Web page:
Statistics on Chronic Pain Research Note
By Reader's Digest Editors
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Many surveys have been done to determine the pervasiveness of chronic pain in America, and the impact of all that suffering. While the numbers are never definitive -- and often, in contradiction with each other -- they paint a harrowing story. An estimated 50 million Americans live with chronic pain; an additional 25 million suffer acute pain. That is more than the number of people with diabetes, heart disease, or cancer combined. Roughly two-thirds of survey respondents say they’ve lived with pain for more than five years. One in three people report having lost more than 20 hours of sleep each month due to pain. No surprise that pain is the second-leading cause of medically related work absenteeism, resulting in more than 50 million lost workdays each year.Fast Facts:
- Low back pain (27%) is the most common form of chronic pain, followed by severe headaches (15%), neck pain (15%) and facial pain (4%), according to one survey.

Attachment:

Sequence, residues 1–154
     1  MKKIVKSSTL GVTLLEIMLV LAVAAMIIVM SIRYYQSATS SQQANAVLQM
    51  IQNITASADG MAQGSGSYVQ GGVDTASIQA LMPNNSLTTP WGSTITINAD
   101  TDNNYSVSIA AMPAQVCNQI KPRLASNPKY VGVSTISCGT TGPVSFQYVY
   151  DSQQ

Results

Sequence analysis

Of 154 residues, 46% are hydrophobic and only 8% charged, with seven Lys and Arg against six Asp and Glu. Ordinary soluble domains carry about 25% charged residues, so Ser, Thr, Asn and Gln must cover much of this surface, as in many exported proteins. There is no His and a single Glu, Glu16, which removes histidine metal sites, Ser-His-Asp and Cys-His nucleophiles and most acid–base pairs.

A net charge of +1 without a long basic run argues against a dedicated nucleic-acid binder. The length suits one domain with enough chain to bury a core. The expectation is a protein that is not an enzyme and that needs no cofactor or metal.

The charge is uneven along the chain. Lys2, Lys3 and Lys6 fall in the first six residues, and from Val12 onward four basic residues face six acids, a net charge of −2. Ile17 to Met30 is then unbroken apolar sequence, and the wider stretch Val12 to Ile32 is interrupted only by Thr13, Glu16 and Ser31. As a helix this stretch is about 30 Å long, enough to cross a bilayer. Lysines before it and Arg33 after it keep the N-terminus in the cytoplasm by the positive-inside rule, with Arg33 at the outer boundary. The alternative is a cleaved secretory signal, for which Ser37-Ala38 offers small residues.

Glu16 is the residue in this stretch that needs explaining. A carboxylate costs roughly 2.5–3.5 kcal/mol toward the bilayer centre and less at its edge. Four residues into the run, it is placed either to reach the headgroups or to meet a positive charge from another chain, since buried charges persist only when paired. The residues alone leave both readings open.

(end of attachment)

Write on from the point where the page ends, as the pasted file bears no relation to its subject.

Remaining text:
- Roughly 63% of pain sufferers have seen their family doctor for help. Another 40% have made an appointment with a specialist, such as an orthopedist.
- Left alone, chronic pain can shrink your brain by 11%, aging it 20 times faster than normal. Small wonder that pain is linked to a higher risk for depression and memory problems.
- In a major survey done in 2000, 60% of Americans said that pain is just something you have to live with. And 28% said they felt there was no solution for their pain.
- In one British study, people with chronic pain had mortality rates 20 to 30% higher than people who were not in pain.
- The outlook is positive, however. Doctors believe that 80% or more of pain can be effectively managed so that it no longer causes disruption in patients’ lives.
nccam.nih.gov — “This fact sheet provides information about complementary and alternative medicine for chronic pain including discussion on acupuncture, massage, spinal manipulation, progressive relaxation, yoga, tai chi, herbs, and glucosamine/chondroitin for lower back pain (low back pain), pain management and pain relief.” View full resource at nccam.nih.gov
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